SquitMcJit Thu 02-Feb-17 09:25:21

I would agree with pps who say it us just part of living in converted houses, unfortunately for them. What you are describing is totally normal noise from a family living their lives.

We had this once, my partner and I living in a first floor flat in a converted Edwardian house were asked by the downstairs neighbours not to walk around after 10pm at night because they could hear our footsteps [hmmm] We ended up having to tell them to contact the council if they really thought they had a case re noise because there was nothing we could reasonably do.

SquitMcJit Thu 02-Feb-17 09:26:59

They never did

Bobochic Thu 02-Feb-17 09:28:13

I have lived in a city centre apartment with small DC and neighbours and it is, IMO, necessary to take your children to a park every day to run around, squeal etc so that they burn off energy. You do not have the luxury of choosing whether or not to go out for runnng around.

mummymeister Thu 02-Feb-17 09:28:34

being brutally honest - move. you aren't being unreasonable but they are and they have the capacity to make your life really miserable.

take them on by all means. Speak to env health. get them to come out and do airborne and impact sound testing between the two units to make sure that the sound insulation complies with the british standard/building regs. if it doesn't then your landlord and the basement flat owner will have to foot the bill for the upgrade and it will be damn expensive. if they own the basement flat make them aware of this.

if your sound insulation does comply then it comes down to lifestyle.

you have been 100% reasonable. unfortunately they have got used to the quiet life and don't want you there.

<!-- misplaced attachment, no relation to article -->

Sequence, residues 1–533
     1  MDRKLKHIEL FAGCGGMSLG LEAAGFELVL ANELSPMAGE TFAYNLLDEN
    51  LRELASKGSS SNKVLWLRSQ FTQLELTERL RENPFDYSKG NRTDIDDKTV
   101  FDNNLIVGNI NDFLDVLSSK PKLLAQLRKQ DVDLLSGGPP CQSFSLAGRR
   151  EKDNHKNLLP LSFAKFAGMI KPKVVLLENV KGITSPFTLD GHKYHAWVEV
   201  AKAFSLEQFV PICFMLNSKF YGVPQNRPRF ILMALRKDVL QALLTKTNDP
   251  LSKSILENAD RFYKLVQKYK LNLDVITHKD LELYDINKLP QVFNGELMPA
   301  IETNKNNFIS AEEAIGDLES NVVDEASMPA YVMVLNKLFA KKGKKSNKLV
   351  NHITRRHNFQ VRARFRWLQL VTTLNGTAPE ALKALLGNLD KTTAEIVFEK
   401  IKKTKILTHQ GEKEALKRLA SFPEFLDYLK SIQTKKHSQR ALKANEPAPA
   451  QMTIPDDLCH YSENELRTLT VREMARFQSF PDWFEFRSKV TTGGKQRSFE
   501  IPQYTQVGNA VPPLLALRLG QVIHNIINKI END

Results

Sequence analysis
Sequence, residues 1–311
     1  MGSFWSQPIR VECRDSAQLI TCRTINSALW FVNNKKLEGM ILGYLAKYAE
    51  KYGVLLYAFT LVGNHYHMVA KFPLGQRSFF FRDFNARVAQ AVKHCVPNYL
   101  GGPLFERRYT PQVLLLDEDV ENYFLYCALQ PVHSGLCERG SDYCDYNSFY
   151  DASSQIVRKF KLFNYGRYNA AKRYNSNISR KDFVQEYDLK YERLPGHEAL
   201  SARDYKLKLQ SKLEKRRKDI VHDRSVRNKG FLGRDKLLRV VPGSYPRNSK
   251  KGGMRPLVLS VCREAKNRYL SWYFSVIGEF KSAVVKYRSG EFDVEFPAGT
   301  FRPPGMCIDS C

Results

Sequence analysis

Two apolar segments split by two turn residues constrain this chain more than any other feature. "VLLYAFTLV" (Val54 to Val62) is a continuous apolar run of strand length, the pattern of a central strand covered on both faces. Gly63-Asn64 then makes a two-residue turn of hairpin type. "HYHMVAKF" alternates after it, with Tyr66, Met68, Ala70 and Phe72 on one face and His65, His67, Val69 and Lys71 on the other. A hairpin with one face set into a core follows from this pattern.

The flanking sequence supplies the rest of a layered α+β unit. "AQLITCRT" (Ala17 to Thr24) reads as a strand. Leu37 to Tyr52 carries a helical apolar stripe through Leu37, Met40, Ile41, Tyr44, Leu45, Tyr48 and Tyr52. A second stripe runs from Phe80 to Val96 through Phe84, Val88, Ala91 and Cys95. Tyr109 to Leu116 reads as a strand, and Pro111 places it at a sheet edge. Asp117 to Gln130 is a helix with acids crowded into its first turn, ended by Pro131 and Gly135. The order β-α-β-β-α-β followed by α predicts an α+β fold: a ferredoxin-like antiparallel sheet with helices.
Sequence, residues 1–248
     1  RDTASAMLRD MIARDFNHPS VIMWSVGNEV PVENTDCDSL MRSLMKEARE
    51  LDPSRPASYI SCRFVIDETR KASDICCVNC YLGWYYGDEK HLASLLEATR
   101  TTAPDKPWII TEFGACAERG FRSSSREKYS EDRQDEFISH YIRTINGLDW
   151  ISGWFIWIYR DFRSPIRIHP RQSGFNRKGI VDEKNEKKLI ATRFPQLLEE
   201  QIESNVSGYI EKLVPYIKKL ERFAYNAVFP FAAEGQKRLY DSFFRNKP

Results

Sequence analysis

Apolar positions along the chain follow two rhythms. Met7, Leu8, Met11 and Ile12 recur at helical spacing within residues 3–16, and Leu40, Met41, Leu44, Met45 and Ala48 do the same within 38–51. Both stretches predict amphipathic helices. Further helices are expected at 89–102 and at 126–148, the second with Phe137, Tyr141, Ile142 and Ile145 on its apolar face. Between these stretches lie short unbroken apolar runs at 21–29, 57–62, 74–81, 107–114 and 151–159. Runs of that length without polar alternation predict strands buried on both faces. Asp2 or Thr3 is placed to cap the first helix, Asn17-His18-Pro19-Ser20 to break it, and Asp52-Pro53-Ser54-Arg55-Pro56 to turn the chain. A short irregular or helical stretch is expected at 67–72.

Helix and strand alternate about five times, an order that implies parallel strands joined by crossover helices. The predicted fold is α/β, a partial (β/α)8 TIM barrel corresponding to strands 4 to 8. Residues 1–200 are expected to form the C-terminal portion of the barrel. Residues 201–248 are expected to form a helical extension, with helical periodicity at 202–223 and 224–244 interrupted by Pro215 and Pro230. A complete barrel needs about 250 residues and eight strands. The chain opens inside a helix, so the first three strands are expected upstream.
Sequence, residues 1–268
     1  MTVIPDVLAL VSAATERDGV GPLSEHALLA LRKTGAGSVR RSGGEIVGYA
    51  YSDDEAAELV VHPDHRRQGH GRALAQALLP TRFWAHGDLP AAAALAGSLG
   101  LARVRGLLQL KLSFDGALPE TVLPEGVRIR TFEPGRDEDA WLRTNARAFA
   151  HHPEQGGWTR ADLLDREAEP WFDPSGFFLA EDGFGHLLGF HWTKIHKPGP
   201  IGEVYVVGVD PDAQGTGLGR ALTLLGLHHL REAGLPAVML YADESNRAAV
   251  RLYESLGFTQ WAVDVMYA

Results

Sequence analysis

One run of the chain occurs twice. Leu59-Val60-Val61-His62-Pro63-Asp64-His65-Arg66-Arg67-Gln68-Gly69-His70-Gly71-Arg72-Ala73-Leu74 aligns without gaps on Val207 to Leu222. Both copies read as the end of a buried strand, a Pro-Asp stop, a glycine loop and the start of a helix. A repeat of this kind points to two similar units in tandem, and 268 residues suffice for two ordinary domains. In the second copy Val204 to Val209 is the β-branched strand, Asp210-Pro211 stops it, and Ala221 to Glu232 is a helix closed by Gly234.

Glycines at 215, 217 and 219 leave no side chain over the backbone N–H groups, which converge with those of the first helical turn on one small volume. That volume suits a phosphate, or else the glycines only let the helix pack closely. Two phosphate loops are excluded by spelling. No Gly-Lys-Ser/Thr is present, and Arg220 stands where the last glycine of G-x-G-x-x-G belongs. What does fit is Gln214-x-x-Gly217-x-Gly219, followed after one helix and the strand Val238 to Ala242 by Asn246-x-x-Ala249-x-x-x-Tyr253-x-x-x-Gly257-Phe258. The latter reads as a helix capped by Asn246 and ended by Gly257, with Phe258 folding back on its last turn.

they are not going to stop complaining. no matter what steps you take or how quiet you try to be it isn't going to be enough.

so you have to decide, do you take them on head on in this, putting up with their constant complaining, feeling nervous about being in the flat or doing anything in there, not wanting to meet them on the stairs etc or do you just move.

I have 20+ years in noise complaints and only those with really strong constitutions can take on this sort of complainer. they grind you down and stop your enjoyment of your property. If you are up for a fight over it then go for it. but really, personally, I would just move on at the end of the lease and move. its not being defeatist. its taking 6/12 months potential grief away.

unlucky83 Thu 02-Feb-17 09:28:38

If they own their flat talk to them about sound proofing their celling - depending on your financial circumstances/rental contract it might be worth offering to contribute...(obviously if you are on a six month contract by the time the work is done you might have moved on)
or look at sound proofing for under your floors/underlay - but that would the landlords problem really -so it is tricky. I guess if he and you get enough complaints that means tenants won't stay for long...but it is a bit of a LL market in most areas - I would assume in yours too. And by the time something is done you'll have probably moved on to somewhere where you can be more comfortable.
I think I would have a frank conversation with them about it - explain you are trying your best, doing what you can etc but have to live. There isn't really anything else you feel you can do - what do they suggest?
Say you can hear them and your neighbour above (in a 'it is obviously a problem' way - not complaining about them...as such.)
And also your position being renters - not really being able to do any soundproofing work yourself - maybe they could or could come to an agreement with your landlord?

amusedbush Thu 02-Feb-17 09:34:09

They ABVVVU. I was driven to distraction by upstairs' toddler thundering up and down the flat above in what sounded like concrete shoes until almost midnight every night but I accepted that it's part of living in a flat, and the kid would get older and stop doing it.

I would never have complained about it.

GoesDownLikeACupOfColdSick Thu 02-Feb-17 09:36:32

Problem is, these houses weren't built for multiple occupation. And when they were split, most of the developers didn't think about adequate soundproofing.

I would suggest going downstairs to listen to it from their perspective when your husband is at home with your DD - this shows willing if nothing else. If you agree with them that it's a nightmare, then the landlord (of the building, rather than your landlord - this could be an individual or a company, or the flat owners together) should be told to do something. Of course in practice, getting this to happen won't be easy, nobody likes putting their hand in their pockets.